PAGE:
Zoe Muth. World Of Strangers.

Blabber’n’Smoke reviewed Seattle’s Zoe Muth’s debut album back in 2010 likening her and her band, The Lost High Rollers, to Emmylou Harris and the Hot Band. Since then Muth has steadily toured and built up her reputation releasing her second album, Starlight Hotel in 2011. Three years on we find Muth relocated from Seattle to the sunnier climes of Austin Texas leaving the High Rollers somewhat lost (bar drummer Greg Nies who lugged his kit along for the album) and while there’s no great departure from the two previous discs Muth sounds as if she’s settled well and made some fine new friends in the process.

She opens the album with the sparkling Little Piece Of History which details her relocation setting off for Texas on New Year’s Day. Up tempo with rippling mandolin and piano it captures the sense of a new start with echoes of The Byrds in the free flowing energy expressed in the song. Mama Needs A Margarita finds Muth firmly ensconced in the Lone Star State with piano and pedal steel well to the fore on a song that Doug Sahm would have loved. While Muth doesn’t have the ballsy swagger of Sahm Make Me Change My Mind shows that she can rip it up when required as the pedal steel swells, fiddles saw and Nies pile drives the drums. Too Shiny is another turbo charged rocker with some fine Telecaster twang thrown in which recalls Lone Justice but the best moments here are on the ballads which allow Muth’s splendid effortless voice free rein.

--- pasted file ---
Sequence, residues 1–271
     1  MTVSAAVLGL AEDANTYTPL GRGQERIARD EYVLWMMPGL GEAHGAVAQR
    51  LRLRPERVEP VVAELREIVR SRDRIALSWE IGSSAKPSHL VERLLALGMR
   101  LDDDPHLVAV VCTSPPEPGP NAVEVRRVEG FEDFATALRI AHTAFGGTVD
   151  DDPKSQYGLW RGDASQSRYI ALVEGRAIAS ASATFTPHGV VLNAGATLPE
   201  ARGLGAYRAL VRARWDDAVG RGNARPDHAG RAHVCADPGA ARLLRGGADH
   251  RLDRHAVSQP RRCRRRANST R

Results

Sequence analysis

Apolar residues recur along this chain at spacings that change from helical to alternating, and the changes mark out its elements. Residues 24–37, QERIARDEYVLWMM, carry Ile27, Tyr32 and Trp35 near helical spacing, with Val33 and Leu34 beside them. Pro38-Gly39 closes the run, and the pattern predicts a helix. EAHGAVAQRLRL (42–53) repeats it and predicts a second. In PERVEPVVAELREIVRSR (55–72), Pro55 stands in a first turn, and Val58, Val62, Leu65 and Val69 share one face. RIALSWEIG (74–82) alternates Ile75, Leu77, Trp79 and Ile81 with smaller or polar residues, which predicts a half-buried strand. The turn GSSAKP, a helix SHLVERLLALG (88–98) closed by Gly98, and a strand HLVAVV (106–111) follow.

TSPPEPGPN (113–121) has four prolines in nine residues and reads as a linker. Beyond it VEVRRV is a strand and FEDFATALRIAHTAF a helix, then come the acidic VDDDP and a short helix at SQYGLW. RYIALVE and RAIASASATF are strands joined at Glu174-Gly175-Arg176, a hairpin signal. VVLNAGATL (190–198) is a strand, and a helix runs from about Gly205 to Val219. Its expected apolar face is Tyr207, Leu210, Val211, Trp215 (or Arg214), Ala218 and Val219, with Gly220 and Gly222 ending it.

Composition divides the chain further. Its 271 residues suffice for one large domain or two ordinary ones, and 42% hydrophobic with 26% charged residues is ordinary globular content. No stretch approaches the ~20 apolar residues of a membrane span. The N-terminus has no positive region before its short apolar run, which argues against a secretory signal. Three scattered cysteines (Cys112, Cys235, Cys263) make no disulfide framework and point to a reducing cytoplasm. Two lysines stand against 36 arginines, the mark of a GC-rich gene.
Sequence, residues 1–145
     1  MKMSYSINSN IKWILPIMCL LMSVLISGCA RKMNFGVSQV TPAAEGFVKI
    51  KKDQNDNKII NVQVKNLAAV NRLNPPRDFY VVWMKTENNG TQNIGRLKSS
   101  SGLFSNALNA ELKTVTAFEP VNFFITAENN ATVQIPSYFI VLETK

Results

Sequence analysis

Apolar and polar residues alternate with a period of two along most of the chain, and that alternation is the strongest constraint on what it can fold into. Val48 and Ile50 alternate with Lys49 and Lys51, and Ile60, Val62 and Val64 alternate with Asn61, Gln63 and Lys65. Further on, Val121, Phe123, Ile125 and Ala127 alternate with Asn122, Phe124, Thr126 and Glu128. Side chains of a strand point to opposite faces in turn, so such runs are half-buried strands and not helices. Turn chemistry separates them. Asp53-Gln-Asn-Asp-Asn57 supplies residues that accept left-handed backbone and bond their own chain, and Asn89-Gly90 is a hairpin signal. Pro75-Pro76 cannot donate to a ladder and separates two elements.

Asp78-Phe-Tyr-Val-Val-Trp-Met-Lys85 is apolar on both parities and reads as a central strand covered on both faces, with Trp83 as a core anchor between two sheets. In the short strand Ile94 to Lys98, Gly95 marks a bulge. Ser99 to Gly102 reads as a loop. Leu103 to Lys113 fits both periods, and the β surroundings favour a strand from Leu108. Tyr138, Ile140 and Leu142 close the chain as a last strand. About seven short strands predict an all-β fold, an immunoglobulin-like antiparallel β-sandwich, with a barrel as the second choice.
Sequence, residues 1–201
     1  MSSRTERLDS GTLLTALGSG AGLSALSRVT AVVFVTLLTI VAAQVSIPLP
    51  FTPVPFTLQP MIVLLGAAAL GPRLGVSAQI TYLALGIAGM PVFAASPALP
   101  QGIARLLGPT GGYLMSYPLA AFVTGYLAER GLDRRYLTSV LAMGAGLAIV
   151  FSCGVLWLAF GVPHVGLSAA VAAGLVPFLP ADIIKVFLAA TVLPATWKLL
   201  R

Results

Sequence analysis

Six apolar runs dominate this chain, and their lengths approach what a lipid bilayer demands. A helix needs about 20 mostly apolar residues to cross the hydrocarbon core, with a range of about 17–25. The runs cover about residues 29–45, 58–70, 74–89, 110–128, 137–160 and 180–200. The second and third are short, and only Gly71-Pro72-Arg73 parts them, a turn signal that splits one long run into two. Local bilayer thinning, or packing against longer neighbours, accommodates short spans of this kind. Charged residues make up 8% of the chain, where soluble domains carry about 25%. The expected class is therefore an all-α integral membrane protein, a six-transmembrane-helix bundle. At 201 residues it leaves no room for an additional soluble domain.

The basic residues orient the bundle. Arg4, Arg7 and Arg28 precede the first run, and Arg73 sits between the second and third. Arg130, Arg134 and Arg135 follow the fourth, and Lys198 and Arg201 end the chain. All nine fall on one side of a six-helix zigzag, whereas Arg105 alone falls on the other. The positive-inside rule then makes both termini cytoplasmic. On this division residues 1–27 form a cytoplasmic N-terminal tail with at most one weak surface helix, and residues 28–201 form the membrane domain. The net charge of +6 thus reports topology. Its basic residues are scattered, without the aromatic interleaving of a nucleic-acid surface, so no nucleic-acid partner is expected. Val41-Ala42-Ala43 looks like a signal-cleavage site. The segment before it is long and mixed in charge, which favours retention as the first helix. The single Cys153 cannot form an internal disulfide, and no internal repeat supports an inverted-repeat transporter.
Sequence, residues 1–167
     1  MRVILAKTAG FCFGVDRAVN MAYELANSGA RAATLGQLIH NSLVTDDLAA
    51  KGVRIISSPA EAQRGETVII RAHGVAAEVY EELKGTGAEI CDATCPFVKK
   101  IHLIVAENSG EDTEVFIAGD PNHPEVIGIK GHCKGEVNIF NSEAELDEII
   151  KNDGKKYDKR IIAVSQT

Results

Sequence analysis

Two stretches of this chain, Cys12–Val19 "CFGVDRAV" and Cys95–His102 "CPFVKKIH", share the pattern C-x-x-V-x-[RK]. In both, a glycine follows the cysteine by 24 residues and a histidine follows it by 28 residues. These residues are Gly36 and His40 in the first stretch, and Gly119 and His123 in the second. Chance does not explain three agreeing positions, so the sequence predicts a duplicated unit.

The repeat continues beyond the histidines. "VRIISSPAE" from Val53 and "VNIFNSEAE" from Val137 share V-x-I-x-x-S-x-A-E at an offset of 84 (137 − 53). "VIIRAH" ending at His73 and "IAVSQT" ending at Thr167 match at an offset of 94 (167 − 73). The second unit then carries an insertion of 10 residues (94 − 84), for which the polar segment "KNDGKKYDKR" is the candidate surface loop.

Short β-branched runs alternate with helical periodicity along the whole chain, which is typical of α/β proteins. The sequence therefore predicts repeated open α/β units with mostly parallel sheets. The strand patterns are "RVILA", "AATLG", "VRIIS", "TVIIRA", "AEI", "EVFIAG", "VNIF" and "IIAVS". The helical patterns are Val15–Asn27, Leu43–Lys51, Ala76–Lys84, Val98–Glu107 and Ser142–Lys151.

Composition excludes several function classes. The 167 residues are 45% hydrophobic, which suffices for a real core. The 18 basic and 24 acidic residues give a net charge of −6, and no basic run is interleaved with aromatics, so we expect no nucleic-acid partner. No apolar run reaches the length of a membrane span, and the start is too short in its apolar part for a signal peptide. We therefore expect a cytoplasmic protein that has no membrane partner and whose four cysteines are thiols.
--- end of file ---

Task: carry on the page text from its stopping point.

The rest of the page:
Somebody I Know is a glorious song that builds in intensity from the lengthy instrumental intro before Muth waltzes in sounding like a younger Lucinda Williams with her sultry presence. Bruce Robison joins in on harmonies towards the end as the song takes flight. Muth is joined on vocals by Brandy Zdane (Twilight Hotel) for the sumptuous Waltz Of The Wayward Wind, a standout here as the guitars and pedal steel ebb and flow while the barroom piano tinkles forlornly, a classic song. She closes the album with another belter, the stately What Did You Come Back Here For which recalls prime Jackson Browne as piano and organ twin up providing a swirling backdrop for Muth’s evocative vocals.

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